The death of the password has come a step closer to becoming a reality, with news that HSBC and first direct will introduce fingerprint and voice recognition tools for their customers.
The biometric security will be made available to 15 million customers. HSBC UK’s head of retail banking and wealth management, Francesca McDonagh said: "This is the largest planned roll out of voice biometric security technology in the UK, and demonstrates our continued investment in digital innovation and focus on making our services even more convenient for our customers.
"The launch of voice and touch ID makes it even quicker and easier for customers to access their bank account, using the most secure form of password technology – the body."
The voice recognition technology will be supplied by Nuance Communications. It cross-checks against over 100 unique identifiers, including behavioural aspects such as speed, cadence and pronunciation, as well as physical aspects including the shape of larynx, vocal tract and nasal passages.
Customers that want to opt-in to the service will have to add their "voice-print" but are then not required to remember their current telephone security password letters or PIN.
It will be introduced for first direct customers in the coming weeks and HSBC customers later in 2016.
The banks have now also turned on touch ID on their apps on Apple devices, meaning mobile banking can be accessed via a fingerprint.
The news has received a positive reception from industry and security experts.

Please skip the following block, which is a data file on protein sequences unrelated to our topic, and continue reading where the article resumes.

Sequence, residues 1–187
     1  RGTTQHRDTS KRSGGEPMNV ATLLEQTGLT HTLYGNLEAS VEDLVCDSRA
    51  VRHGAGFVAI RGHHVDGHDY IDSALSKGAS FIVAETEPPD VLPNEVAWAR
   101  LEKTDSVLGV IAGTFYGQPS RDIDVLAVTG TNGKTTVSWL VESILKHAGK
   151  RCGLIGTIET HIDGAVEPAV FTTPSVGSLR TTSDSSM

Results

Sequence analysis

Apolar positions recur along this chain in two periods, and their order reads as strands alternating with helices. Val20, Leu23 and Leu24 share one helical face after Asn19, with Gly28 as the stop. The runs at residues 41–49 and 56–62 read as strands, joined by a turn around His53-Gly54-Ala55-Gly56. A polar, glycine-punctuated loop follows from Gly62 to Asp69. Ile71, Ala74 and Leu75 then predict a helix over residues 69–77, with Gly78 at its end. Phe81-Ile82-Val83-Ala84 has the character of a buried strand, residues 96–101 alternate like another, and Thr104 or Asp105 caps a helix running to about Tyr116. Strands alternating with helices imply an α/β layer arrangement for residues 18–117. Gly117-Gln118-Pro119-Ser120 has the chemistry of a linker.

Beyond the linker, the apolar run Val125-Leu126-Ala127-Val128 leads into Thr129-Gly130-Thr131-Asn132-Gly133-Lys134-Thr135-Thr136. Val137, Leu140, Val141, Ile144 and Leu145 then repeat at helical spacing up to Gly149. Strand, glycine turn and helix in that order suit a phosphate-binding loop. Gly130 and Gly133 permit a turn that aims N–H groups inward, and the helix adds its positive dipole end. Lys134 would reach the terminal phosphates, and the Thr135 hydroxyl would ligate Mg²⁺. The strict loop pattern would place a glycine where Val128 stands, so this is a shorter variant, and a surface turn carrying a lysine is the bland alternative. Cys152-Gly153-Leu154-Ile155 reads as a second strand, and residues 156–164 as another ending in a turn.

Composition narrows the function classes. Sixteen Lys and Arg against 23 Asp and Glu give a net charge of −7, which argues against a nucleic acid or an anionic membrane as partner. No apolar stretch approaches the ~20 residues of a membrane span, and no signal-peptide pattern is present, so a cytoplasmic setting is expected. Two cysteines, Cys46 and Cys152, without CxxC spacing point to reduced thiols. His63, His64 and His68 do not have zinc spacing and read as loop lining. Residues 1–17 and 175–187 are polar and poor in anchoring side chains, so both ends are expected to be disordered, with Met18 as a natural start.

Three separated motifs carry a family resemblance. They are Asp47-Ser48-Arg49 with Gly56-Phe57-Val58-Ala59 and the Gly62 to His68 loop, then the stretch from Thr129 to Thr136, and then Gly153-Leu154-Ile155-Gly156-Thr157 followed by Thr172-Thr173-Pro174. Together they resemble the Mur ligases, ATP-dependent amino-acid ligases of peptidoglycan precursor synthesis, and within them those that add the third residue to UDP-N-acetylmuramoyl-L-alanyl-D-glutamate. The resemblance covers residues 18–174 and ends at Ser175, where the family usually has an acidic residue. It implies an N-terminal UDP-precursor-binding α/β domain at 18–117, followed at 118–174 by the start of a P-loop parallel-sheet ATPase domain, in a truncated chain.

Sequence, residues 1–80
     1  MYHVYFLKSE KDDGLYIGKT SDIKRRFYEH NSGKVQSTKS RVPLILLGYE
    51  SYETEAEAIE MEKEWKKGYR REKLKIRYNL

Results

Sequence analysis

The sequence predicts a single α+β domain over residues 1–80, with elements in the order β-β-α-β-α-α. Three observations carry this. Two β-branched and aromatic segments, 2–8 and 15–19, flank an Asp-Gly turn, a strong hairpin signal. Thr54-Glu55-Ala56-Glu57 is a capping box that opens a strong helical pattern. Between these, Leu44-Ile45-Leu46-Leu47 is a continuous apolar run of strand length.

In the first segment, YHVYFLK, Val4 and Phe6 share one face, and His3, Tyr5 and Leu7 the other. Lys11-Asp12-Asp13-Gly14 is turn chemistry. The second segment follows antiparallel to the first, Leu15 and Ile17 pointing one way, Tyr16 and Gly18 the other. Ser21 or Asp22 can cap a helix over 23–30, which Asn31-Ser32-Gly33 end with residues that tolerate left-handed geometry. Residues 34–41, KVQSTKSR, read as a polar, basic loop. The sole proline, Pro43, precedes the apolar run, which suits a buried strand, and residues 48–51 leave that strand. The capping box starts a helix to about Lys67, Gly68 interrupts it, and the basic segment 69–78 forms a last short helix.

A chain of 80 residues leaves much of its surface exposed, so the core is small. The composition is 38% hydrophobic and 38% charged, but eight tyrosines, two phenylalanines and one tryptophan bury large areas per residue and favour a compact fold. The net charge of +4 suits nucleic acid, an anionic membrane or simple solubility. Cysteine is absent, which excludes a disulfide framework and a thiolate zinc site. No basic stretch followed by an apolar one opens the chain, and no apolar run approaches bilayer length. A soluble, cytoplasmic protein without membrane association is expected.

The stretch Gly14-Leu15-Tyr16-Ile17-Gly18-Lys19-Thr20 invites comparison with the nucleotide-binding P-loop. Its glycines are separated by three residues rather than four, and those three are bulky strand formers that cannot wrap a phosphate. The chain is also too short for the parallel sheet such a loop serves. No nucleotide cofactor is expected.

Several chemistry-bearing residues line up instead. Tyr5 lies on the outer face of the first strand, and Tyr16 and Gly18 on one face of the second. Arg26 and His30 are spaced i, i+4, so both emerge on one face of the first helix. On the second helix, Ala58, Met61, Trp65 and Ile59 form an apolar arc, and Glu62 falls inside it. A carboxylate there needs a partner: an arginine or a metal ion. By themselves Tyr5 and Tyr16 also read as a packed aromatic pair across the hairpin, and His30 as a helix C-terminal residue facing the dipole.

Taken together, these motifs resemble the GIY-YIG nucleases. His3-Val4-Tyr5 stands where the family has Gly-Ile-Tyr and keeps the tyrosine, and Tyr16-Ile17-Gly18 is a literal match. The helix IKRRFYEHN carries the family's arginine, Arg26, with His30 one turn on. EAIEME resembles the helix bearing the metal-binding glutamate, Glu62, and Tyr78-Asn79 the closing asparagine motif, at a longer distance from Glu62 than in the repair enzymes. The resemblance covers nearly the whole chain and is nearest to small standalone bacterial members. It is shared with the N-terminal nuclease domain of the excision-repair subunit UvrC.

Bob Tarzey, Analyst and Director at Quocirca told CBR: "It is another step in the road to at least putting in place strong authentication than just passwords, but you have to do it in phases, and there’s quite a lot of initiatives in the industry to make sure people have options about how they authenticate themselves."
He said though that "user choice must be maintained."
Anthony Duffy, Director of Retail Banking in UK & Ireland at Fujitsu, said: "Biometric-based security systems are highly accurate, cost-effective and scalable. They deepen and strengthen bank defences by providing an unequivocal link to an individual, event or transaction while being very hard to forge."
A range of popular smartphone makers, notably Apple and Samsung, have begung introducing fingerprints as a method of securing, andDuffy said that this has helped the banking sector deploy the technology more widely.
"British banks are now looking at biometric solutions with new eyes," said Duffy. "The emergence of mobile ‘phones which are locked and unlocked using a fingerprint has made this easy-to-use technology familiar to a new mass market."
Tarzey said that "more and more users are realising they’ve got this capability, and starting to think it’s a good idea. So the fact that a bank like HSBC is now rolling out this option is good because, to be honest, the banks are bit behind the times with some of this strong authentication and yet they’re dealing with our most sensitive data."
Duffy points out that "Deployment of biometric technologies in Britain’s banking is still in its infancy," but thinks it "will become commonplace."
Duffy said that as people become more comfortable with the technology, thanks to using it on their mobile phones and other devices, and begin to appreciate the security benefits it can bring, financial services will increasingly roll it out.